- Possessing a controlled substance.
- Manufacturing a controlled substance.
- Delivering or possessing with intent to deliver a controlled substance.
Regardless of the type of illegal activity, a formal police report must be filed. If the tenant remains on the property after the notice period expires, the landlord may proceed with the eviction process.
Illegal Evictions in Michigan
In Michigan, any of the below is illegal. If found liable, the landlord could be required to pay the tenant $200 or up to three times the amount of the actual damages sustained, whichever is greater.
No matter the situation, a landlord is not allowed to forcibly remove a tenant by:
- Changing the locks.
- Shutting off utilities.
- Removing tenant belongings.
A tenant can only be legally removed with a court order obtained through the formal eviction process.
It is illegal for a landlord to evict a tenant in response to exercising a legally protected right. These rights include:
- Complaining or reporting a habitability issue to the landlord or any authority tasked to enforce the law.
- Filing a complaint to a government authority.
- Joining a tenant’s union or organization.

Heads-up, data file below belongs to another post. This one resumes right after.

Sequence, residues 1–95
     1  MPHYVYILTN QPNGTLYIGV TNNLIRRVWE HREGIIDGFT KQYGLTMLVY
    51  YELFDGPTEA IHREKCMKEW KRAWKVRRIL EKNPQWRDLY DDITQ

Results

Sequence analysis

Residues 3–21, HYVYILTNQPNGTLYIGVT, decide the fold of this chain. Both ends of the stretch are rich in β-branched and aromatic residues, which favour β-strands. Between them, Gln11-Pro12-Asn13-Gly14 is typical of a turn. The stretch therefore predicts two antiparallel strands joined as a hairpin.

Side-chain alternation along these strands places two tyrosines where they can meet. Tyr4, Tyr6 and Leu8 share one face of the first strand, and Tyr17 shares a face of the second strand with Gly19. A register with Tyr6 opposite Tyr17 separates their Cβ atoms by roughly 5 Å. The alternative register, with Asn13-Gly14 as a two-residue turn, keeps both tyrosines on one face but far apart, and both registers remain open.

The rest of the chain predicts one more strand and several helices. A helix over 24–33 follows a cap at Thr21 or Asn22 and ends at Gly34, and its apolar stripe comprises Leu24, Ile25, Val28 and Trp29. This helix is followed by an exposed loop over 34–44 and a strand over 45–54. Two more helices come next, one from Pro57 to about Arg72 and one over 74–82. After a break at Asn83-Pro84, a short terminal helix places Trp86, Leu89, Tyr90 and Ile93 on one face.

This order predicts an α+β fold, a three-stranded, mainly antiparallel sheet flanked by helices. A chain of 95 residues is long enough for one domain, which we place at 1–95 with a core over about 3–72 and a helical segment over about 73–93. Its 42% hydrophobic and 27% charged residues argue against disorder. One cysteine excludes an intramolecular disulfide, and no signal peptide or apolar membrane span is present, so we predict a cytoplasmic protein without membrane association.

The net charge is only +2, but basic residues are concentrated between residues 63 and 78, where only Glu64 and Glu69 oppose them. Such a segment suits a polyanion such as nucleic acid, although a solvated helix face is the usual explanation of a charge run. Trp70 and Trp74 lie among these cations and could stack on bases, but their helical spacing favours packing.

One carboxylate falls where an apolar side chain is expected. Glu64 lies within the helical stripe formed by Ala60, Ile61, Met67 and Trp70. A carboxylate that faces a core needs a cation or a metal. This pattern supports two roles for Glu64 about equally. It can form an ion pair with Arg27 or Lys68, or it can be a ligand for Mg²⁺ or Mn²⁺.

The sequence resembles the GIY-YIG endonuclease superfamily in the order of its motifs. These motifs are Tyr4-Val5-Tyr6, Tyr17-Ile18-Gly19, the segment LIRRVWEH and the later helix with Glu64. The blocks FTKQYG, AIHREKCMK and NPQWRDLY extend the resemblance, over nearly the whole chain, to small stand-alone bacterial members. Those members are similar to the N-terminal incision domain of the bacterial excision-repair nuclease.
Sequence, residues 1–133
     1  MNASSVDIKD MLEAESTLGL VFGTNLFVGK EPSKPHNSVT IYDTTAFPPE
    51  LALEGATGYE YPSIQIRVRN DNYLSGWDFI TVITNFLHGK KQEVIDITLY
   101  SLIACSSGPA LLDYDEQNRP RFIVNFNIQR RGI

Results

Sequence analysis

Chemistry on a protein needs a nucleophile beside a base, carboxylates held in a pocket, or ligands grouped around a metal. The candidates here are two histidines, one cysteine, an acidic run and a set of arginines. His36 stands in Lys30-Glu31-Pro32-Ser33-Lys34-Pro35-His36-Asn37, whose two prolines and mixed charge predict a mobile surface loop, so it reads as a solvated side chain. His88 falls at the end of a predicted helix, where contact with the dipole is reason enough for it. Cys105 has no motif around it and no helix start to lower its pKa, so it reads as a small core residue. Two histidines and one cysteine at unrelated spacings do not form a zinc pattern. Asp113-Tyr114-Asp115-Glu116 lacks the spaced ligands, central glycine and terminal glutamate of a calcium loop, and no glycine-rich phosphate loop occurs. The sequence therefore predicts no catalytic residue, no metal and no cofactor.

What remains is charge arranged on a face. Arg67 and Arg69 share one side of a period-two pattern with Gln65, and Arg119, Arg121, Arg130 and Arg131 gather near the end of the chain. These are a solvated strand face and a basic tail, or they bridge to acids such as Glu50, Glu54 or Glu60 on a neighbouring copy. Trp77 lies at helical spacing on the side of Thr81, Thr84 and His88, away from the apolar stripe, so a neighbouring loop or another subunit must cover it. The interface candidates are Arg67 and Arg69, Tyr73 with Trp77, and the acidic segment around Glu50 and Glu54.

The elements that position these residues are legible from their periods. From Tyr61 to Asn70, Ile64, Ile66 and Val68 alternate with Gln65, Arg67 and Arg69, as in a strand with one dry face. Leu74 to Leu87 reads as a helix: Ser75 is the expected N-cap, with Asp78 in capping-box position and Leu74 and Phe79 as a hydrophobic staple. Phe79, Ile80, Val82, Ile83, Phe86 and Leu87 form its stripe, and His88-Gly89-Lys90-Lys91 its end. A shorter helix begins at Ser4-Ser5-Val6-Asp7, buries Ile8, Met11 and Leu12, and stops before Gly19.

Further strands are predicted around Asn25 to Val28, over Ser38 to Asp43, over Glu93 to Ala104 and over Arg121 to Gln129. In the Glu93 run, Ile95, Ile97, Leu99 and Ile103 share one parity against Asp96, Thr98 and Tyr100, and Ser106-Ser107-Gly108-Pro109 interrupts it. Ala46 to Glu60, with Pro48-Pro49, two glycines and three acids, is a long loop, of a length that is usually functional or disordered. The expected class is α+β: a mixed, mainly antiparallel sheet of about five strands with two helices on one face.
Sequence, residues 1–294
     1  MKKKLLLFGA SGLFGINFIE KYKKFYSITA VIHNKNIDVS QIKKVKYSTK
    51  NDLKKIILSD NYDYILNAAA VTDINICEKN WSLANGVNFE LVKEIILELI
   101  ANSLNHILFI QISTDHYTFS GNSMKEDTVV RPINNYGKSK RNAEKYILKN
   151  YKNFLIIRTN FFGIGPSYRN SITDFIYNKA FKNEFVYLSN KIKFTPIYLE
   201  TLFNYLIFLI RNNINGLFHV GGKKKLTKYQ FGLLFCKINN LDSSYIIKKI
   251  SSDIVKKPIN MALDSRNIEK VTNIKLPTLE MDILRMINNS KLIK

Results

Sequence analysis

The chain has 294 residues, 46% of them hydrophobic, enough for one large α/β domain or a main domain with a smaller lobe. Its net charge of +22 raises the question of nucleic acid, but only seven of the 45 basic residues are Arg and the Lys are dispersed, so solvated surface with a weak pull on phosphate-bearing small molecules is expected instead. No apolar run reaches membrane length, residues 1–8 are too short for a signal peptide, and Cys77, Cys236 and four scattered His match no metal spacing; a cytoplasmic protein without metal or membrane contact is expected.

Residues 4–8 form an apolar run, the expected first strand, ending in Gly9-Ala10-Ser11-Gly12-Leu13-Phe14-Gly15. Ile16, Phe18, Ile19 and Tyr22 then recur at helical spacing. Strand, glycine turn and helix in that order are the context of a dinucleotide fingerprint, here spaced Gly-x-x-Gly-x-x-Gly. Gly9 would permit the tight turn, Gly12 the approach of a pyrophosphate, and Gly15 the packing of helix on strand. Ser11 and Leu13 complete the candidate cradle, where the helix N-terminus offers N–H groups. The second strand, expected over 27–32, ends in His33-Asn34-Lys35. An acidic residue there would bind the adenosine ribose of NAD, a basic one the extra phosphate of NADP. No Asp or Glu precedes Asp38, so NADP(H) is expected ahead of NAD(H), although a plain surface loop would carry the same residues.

Step 1: Landlord Files Lawsuit with Court
A landlord can begin the eviction process in Michigan by serving the tenant with written notice. The notice must be delivered by one of the following methods:
- Delivering the notice in person.
- Delivering the notice to a member of the tenant’s household who is of suitable age.
- Mailing a copy of the notice via first-class mail.
- Sending a copy via electronic service if the tenant has agreed to the delivery method. The tenant’s consent to electronic service must be in writing.
If the notice is delivered in person, the notice period begins the next day. If the notice was mailed, the notice period begins the next mail delivery day (excluding Sundays and holidays).
It is important for a landlord to always maintain a copy of the signed and served notice as proof of proper service of notice.
7-Day Notice to Quit